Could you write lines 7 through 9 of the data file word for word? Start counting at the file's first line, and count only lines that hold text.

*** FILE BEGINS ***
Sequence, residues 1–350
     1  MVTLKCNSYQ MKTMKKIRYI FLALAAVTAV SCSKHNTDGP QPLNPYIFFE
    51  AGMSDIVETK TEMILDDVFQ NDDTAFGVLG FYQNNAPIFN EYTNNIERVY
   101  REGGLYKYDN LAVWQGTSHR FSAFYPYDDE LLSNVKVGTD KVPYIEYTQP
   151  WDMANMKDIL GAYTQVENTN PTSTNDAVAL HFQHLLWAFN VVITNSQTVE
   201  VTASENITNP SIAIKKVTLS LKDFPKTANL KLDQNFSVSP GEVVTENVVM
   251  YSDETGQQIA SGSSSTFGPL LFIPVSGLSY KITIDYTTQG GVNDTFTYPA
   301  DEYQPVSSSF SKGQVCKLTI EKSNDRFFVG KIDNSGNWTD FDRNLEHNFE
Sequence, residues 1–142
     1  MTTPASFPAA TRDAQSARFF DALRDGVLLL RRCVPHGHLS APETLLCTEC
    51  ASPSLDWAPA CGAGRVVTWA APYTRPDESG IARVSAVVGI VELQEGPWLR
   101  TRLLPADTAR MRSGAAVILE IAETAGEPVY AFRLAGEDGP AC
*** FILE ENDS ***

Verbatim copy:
   251  YSDETGQQIA SGSSSTFGPL LFIPVSGLSY KITIDYTTQG GVNDTFTYPA
   301  DEYQPVSSSF SKGQVCKLTI EKSNDRFFVG KIDNSGNWTD FDRNLEHNFE
Sequence, residues 1–142